Federal employment laws that religious institutions in Denver must follow often try to balance the rights of employees not to be discriminated against or wrongfully terminated against the employers’ right to practice its religion. In a recent wrongful termination case in another state, the court interpreted the law to say that a Catholic archdiocese did not have the right to fire a teacher because she got pregnant outside of marriage.
The plaintiff sued the archdiocese for employment discrimination after being fired in 2010 from her position teaching computer technology at two Catholic schools. The archdiocese reportedly fired her after learning that the plaintiff, who is a lesbian, had become pregnant through artificial insemination.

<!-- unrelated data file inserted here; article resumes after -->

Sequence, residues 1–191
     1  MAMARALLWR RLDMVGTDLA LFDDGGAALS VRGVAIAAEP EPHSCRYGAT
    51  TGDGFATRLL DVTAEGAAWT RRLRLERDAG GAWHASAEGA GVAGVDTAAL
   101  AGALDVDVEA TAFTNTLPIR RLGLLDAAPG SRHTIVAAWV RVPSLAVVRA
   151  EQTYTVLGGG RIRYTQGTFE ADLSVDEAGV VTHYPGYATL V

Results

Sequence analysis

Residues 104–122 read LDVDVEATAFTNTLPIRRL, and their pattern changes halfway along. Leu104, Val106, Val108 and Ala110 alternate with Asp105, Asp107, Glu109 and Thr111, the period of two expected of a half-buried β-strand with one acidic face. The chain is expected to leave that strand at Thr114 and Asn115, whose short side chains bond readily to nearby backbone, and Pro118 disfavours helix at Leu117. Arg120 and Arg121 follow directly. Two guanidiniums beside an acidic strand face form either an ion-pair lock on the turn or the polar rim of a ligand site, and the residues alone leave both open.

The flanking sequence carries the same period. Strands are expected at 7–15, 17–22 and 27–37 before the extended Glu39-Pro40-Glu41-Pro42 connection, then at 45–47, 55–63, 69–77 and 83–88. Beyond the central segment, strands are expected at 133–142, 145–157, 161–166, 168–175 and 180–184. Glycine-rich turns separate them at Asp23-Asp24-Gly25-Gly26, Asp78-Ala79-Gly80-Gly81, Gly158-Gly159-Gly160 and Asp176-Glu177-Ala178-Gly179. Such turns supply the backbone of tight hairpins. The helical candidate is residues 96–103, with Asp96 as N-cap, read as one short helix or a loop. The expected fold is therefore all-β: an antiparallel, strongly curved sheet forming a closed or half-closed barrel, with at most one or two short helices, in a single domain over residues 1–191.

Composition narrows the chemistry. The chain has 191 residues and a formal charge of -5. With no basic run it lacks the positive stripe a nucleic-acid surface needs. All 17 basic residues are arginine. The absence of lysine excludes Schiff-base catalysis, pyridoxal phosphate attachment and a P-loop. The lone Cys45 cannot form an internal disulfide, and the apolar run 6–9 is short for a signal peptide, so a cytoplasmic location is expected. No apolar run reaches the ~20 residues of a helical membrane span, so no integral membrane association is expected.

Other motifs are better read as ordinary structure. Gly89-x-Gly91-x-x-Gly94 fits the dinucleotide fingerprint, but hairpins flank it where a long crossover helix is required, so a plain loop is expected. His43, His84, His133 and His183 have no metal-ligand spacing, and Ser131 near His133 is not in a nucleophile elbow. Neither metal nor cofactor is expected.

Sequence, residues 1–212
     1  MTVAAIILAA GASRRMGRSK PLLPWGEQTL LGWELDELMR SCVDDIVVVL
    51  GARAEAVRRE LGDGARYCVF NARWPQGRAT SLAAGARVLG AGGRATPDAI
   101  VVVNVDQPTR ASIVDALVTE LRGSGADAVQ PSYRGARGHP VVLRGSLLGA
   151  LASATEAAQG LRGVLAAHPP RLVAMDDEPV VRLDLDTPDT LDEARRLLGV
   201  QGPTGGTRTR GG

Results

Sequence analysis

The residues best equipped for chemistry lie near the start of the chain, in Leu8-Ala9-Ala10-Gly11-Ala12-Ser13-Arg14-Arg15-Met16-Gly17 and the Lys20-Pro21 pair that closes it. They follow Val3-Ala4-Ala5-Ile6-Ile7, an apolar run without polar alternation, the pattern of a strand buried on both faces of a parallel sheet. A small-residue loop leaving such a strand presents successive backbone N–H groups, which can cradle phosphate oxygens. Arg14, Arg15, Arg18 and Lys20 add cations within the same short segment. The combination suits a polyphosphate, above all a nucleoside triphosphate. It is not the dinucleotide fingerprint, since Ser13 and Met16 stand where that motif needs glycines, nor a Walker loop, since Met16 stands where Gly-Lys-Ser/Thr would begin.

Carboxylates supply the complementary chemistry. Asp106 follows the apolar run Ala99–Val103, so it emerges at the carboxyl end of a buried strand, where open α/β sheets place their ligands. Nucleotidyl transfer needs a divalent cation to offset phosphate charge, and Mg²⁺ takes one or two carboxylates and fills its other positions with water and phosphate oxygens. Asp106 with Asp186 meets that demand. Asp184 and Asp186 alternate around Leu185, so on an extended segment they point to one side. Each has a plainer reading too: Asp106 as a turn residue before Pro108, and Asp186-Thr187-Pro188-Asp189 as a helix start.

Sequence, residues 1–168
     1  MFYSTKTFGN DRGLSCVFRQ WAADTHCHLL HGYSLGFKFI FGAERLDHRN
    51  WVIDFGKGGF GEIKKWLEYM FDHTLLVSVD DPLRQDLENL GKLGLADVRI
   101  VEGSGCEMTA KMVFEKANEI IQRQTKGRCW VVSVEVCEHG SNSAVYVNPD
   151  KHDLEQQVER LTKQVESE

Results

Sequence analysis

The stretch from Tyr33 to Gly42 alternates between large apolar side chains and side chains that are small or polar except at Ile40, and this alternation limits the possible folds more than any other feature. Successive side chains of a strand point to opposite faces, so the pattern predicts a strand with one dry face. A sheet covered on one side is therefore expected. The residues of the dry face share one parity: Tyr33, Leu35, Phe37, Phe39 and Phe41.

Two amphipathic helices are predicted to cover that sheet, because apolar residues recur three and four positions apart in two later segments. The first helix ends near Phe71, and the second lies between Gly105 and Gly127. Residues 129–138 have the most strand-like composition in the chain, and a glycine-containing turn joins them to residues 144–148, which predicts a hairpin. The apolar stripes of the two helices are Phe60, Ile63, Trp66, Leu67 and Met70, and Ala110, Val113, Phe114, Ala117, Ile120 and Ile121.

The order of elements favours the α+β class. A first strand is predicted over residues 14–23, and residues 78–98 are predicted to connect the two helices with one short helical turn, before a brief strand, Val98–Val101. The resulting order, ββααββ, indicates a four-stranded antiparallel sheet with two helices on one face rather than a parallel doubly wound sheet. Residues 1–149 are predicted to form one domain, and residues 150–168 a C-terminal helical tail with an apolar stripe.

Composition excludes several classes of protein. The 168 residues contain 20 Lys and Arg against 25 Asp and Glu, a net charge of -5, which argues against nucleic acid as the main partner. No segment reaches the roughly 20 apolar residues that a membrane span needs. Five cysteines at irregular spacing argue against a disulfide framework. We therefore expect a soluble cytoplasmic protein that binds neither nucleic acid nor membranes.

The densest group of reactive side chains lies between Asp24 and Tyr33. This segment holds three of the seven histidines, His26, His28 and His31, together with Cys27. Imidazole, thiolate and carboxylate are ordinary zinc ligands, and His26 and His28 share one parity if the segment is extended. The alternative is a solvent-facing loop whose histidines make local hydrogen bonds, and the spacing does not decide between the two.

The church argued that the out-of-wedlock pregnancy violated a clause in the plaintiff’s employment contract that required her to obey church teachings. Her being gay also violated the contract, attorneys for the diocese contended, calling the termination a “matter of principle.”
Employment law generally prohibits termination for marital status or sexual orientation. But there is an exception for “ministerial” employees of religion-based organizations. Despite the fact that the plaintiff taught computers, not anything directly tied to Catholicism, the archdiocese claimed that she was a ministerial employee and therefore could be fired due to her marital status and sexual orientation.
The jury disagreed. It recently awarded the plaintiff more than $170,000 in damages. The plaintiff said that she was pleased with the verdict. She said that she filed suit to prove that the archdiocese broke the law.
The archdiocese has not announced whether it will appeal the verdict, though observers widely expected it to do so.
Source: Minneapolis Star Tribune, “Legal experts expect Cininnati Archdiocese to appeal jury finding for fired pregnant teacher,” Lisa Cornwell, June 4, 2013